Flights Take About an Hour Longer Than They Should—Here's Why

Kelsey Clark

If you find yourself absolutely exhausted after a day of seemingly endless traveling, you're not alone. You're also not crazy; on average, flights actually take longer now than they did 50 years ago, according to an enlightening new video from Business Insider

For a frame of reference, a flight from NYC to Houston currently takes about three hours and 50 minutes. Compare that to the year 1973, when that exact same flight was over an hour shorter; around 2 hours and 40 minutes.

So, why the hold up? You'd think that with all of the technological advancements since the 1970s, we'd be flying faster, not slower. The short answer: fuel efficiency. Given the rise in gas prices over the years, airlines have been intentionally slowing trips in order to save a quick buck. JetBlue airlines, for example, has been saving roughly $13.6 million a year by lengthening each flight by two minutes, according to a 2008 Associated Press study. Simply put, airlines and pilots are burdened by rising gas prices just as much, if not more than, automakers and drivers.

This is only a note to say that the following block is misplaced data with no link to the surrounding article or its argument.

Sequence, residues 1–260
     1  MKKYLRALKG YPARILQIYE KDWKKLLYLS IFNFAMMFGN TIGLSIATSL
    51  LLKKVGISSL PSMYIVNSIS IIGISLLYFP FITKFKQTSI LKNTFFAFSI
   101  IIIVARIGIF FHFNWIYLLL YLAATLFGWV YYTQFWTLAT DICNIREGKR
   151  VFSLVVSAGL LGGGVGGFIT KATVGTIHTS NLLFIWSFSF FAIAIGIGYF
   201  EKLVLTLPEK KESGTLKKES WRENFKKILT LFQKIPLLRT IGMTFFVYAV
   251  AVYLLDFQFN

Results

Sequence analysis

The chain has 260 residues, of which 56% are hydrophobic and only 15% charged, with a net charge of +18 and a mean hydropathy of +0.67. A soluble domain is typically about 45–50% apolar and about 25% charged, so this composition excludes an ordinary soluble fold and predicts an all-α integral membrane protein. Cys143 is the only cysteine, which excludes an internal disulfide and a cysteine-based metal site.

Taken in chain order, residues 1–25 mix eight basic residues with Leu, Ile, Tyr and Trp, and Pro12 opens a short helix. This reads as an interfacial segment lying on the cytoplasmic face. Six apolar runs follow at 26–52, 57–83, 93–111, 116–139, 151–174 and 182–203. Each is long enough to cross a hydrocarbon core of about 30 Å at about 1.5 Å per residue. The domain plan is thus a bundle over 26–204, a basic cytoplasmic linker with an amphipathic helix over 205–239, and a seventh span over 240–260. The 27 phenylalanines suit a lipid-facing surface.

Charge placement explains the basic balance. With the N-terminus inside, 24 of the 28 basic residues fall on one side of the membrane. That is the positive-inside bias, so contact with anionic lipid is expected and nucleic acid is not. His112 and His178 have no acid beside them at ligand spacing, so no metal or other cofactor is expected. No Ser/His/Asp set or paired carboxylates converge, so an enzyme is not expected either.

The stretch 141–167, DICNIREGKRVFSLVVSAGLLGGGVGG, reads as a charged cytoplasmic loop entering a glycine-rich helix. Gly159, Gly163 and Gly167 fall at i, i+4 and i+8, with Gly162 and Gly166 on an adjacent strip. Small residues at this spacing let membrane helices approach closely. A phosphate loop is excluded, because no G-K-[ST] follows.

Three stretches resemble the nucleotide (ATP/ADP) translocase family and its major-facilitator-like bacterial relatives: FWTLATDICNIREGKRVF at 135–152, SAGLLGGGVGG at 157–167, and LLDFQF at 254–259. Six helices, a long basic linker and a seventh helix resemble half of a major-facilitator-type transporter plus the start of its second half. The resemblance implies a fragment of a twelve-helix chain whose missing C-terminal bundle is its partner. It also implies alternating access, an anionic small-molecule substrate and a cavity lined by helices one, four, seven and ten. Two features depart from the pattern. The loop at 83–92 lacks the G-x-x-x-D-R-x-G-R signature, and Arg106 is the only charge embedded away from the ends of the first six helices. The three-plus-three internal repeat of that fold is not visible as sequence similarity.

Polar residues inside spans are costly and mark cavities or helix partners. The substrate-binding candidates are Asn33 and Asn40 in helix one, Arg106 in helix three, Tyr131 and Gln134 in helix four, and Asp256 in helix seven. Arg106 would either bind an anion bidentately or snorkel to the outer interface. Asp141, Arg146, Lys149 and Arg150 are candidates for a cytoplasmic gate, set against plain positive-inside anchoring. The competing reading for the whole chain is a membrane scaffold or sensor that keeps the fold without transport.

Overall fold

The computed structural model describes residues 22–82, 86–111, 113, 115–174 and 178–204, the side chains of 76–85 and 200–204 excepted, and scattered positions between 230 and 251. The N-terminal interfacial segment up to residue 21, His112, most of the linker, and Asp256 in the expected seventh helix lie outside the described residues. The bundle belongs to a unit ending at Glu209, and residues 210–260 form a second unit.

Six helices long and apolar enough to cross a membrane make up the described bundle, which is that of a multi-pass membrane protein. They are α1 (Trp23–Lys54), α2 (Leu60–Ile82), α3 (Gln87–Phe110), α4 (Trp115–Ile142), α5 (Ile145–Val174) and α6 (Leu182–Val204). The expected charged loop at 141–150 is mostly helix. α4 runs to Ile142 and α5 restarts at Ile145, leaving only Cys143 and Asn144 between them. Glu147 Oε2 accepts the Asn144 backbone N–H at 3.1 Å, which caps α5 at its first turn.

Airlines have also picked up the unseemly habit of padding arrival times in an effort to appear punctual. Next time your pilot joyfully regales the passengers with an early arrival via overhead mic, don't be fooled.

If you're going to be on a plane for half your summer, you might as well travel in style. Shop our favorite accessories below:

Steamline Luggage Editor Carryon ($485)

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